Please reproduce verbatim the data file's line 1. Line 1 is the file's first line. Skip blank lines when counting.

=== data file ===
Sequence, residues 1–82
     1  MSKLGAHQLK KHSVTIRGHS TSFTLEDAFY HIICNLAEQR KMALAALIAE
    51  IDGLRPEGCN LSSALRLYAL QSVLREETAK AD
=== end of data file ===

Sequence, residues 1–82